• Your current diabetes medications may need a change in dosage.
  • Your current diabetes medication may not be the right fit for you.
  • It’s time to try a different type of diabetes medication.
  • Your overall insulin production or insulin resistance level has changed and your body needs more support from a new or current medication.

A low blood sugar level before your next meal could suggest:

  • You’re getting too much of a certain diabetes medication (including the insulin you took for the last meal you ate or your background insulin dose).
  • Your insulin sensitivity or insulin production has improved, which means your medication dosages need to be adjusted by your healthcare team.

Talk to your healthcare team about making any adjustments to your diabetes regimen to help you achieve your blood sugar goals.

2 hours after eating a meal

Checking your blood sugar approximately 1 to 2 hours after eating is hugely important, because it tells you if your body has the tools it needs in order to handle your meals. Being consistently higher or lower than your goal range after eating can tell you some very important and clear things about your current diabetes management regimen.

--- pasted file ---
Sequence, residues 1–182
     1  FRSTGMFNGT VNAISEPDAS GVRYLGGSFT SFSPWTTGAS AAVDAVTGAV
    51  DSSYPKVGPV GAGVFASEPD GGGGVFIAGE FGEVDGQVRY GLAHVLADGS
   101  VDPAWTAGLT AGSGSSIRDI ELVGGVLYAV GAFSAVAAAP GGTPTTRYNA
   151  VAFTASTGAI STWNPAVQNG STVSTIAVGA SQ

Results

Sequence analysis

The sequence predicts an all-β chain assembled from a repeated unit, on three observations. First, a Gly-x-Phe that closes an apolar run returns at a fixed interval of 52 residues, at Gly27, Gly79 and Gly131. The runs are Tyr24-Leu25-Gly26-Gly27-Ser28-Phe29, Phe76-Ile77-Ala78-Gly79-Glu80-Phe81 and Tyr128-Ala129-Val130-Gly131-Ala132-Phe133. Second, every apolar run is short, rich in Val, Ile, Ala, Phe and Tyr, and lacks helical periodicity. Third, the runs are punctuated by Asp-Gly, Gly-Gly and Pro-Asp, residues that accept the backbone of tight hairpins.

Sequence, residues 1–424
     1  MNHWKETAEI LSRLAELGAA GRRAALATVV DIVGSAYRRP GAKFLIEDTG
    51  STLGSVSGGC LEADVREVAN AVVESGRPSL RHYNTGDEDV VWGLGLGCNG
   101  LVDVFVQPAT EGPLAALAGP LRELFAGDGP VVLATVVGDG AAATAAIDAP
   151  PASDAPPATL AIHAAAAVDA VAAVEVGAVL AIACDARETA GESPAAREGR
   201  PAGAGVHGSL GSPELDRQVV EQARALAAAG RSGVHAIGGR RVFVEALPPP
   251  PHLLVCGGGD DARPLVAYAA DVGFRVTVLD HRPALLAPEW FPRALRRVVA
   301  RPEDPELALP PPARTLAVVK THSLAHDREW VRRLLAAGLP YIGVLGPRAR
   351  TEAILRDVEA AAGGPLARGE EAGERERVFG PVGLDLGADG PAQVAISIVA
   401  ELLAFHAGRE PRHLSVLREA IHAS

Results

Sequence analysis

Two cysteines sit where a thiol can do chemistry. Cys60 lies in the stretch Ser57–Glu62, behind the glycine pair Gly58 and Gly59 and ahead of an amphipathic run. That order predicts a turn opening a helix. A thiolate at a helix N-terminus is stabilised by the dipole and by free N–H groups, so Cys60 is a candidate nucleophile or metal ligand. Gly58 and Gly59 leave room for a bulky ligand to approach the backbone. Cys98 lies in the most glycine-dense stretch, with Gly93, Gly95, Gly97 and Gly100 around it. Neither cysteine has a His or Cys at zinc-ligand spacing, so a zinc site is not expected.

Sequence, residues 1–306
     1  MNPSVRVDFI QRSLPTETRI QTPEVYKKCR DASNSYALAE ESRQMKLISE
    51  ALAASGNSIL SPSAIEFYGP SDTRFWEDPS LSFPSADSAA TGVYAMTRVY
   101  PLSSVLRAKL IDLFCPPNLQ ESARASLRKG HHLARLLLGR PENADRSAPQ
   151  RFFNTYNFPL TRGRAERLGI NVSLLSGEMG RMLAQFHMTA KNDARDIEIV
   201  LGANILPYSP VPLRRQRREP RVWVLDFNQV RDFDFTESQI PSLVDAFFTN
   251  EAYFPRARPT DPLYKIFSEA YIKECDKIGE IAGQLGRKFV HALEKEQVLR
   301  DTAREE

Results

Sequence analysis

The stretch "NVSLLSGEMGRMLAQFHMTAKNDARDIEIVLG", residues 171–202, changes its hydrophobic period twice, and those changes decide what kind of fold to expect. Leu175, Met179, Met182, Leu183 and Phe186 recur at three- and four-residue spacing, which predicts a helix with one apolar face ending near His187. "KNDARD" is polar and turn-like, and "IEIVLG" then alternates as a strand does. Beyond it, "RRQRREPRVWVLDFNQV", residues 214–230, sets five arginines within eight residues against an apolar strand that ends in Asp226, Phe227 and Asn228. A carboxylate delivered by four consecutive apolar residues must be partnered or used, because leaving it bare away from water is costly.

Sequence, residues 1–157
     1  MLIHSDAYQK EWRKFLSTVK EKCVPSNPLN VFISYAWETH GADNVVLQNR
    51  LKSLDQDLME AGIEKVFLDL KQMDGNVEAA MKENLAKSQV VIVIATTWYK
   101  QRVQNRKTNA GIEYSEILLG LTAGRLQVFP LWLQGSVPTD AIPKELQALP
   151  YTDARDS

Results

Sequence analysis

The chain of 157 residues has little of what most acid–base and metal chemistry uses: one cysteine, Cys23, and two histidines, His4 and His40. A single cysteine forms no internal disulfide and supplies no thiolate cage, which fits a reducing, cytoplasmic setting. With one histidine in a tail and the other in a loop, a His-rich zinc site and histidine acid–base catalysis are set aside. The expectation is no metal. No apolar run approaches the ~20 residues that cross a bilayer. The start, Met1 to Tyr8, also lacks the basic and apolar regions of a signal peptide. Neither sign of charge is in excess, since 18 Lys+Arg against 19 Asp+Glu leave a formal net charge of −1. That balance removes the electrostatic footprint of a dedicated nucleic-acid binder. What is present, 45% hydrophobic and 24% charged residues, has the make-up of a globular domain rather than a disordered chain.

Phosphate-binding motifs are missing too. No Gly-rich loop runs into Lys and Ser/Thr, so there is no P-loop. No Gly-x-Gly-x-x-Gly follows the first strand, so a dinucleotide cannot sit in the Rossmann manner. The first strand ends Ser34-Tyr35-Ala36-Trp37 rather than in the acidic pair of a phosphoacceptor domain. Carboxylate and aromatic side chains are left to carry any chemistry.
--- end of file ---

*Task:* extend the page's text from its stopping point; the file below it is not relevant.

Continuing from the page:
A high blood sugar level 1 to 2 hours after eating could suggest:

  • What you ate or drank at your last meal was more than your body could handle on your current diabetes management regimen.
  • Your body may need some extra help from a diabetes medication.
  • Your current diabetes medications may need a change in dosage.
  • Your current diabetes medication may not be the right fit for you.
  • It’s time to try a different type of diabetes medication.

A low blood sugar level in the hours after eating could suggest:

  • You’re getting too much of a certain diabetes medication (including the insulin you took for the meal you just ate).
  • Your insulin sensitivity or insulin production has improved, which means your medication dosages need to be adjusted by your healthcare team.